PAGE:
Rafi Mohammed

Does Advertising Increase or Decrease Retail Prices?

Posted on October 17th, 2007 (3 Comments)

During one of my first weeks as an economics graduate student, I asked my advisor Rob if I could read every pricing article that he had. Being a nice guy, Rob lent me his office key and I photocopied away over a long weekend. One of the articles that I’ve always remembered was “The Effects of Advertising on the Price of Eyeglasses” by Lee Benham. While it’s an oldie (published in 1972) using data from 1963, I find this paper’s results fascinating.

There are conflicting theories about the price effects of advertising. Some have argued that advertising is persuasive and differentiating. An advertiser can highlight its value (we have the best selection/service), differentiate its brand (we’re the premiere place to shop) – this would lead to higher prices. In addition, it is expensive to advertise so these costs have to be covered. Cartier and Polo advertise in this manner. In contrast, some advertisers focus on making it easier for customers to find the best deals (e.g., the Best Buy/Circuit City rivalry) by highlighting their low prices.

Lee investigated the question of whether advertising increased or decreased prices in the eyeglasses market. In the 1960’s, approximately 75% of states restricted advertising for eyeglasses and advertising was permitted in the remaining 25%. Great control and experimental markets.

So what states do you think had higher prices? Those that allowed advertising or those that didn’t? Several economics and marketing professors at the University of Chicago (arguably the best university in the world) were asked their opinions. 40% of the economists and 100% of the marketing faculty expected prices to be the same or lower in regulated states where advertising was not allowed.

Lee’s results are interesting. He found that in states with no advertising restrictions, the average price was $33.04…remember this was 1963. In states that allowed advertising, the average price was $26.34. Wow…eyeglasses were 20% cheaper in states that allowed advertising. And remember, it costs more to advertise – one chain claimed its advertising costs averaged $2.00 per eyeglass. Eyeglass companies in states that restrict advertising were making a killing!

It’s interesting that some industries restrain from advertising their prices. For example, buying a wedding ring is often a convoluted pricing exercise. You rarely see diamond prices advertised. As a result, it seems that my friends always get an outstanding deal from someone like their cousin’s best friend from high school. Do you really think all of these side deals result in the lowest prices being offered?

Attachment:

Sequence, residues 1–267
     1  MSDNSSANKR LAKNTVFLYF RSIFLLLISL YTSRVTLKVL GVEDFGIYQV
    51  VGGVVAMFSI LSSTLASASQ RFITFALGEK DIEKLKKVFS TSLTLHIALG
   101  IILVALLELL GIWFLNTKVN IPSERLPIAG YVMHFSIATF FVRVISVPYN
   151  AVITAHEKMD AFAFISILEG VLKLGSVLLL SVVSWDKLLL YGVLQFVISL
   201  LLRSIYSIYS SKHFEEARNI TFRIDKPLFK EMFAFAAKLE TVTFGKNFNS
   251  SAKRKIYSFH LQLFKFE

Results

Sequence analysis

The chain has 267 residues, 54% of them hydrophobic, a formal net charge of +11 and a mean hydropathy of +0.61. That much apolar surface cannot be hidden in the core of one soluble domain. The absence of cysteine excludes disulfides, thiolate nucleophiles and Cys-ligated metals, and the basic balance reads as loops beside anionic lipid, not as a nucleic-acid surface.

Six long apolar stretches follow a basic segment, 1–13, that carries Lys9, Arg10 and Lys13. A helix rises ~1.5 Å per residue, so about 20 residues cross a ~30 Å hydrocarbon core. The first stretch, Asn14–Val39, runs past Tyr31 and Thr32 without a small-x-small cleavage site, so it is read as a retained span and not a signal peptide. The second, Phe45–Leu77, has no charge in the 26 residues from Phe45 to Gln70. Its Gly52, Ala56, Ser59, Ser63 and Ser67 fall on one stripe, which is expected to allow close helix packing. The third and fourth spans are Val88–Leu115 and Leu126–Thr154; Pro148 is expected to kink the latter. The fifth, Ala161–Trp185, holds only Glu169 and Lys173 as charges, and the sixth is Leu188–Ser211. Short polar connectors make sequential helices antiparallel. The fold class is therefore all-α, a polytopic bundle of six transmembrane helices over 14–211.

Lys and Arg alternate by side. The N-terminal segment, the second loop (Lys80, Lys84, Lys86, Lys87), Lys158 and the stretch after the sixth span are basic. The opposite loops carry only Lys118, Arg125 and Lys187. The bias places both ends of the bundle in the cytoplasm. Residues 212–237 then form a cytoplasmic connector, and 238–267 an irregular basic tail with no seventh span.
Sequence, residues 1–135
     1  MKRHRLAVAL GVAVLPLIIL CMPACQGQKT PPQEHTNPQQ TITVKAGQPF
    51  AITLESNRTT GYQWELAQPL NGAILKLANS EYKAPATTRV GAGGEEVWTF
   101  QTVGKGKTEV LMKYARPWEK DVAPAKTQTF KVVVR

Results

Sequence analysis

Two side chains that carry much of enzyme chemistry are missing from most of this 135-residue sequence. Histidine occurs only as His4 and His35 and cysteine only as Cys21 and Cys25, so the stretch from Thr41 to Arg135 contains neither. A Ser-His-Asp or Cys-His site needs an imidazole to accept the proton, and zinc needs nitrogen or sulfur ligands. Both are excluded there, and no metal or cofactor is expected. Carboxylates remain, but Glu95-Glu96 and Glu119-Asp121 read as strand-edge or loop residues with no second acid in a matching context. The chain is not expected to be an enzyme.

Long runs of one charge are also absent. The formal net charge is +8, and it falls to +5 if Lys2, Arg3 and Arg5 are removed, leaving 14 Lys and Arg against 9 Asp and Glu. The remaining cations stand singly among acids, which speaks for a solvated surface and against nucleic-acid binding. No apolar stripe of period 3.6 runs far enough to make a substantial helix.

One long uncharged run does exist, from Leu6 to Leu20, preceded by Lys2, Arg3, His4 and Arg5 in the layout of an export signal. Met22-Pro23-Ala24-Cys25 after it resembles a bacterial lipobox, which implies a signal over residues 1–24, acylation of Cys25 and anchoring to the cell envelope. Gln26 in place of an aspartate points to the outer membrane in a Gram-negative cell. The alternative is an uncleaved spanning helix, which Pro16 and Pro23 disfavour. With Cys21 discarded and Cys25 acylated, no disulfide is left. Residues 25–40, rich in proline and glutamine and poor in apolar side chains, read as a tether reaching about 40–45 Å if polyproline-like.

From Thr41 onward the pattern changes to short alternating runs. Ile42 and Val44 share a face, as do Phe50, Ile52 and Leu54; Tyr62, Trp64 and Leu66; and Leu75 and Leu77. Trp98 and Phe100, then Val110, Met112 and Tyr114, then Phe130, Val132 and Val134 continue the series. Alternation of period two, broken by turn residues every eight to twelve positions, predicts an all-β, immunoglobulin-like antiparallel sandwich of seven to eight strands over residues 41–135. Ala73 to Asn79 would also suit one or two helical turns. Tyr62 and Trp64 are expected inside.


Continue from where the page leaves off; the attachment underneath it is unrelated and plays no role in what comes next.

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Readers' Comments on This Blog Entry

From LarryBitner on October 17th, 2007
Let's not forget two important factors that every marketing strategy should reflect: that price is relative to quality and perceived value, but also that price drives our perception as consumers. With that in mind, price is more effective when used to "position" a product rather than to simply sell it. The role of advertising is not to sell, it is to create awareness, to educate the consumer, to communicate a need, a want a use that generates the opportunity to sell. If advertising "positions" a product effectively, it definitely can increase the perceived quality and value and thus increasing the price that I am willing to pay. Poorly composed advertising will do more harm than good but professionally designed ads will always provide ROI - "return on investment"...
From Leo Piccioli on October 20th, 2007
Very interesting. There might have also been an "economies of scale" effect; i.e. the states where advertising was allowed developed larger eyeglasses markets (through demand generation from advertising), and, due to competition, were able/forced to lower their prices. What do you think?
From Wilson Brumiller on December 28th, 2007
Benham's findings are very interesting, mainly to disprove those with "gut feeling". You mentioned that there is no advertising in some markets. In Brazil, where I live, restaurants do not advertise their prices, hotels only advertise, sometimes, their "regular" price, not the price charged. It is tacky to advertise low prices here.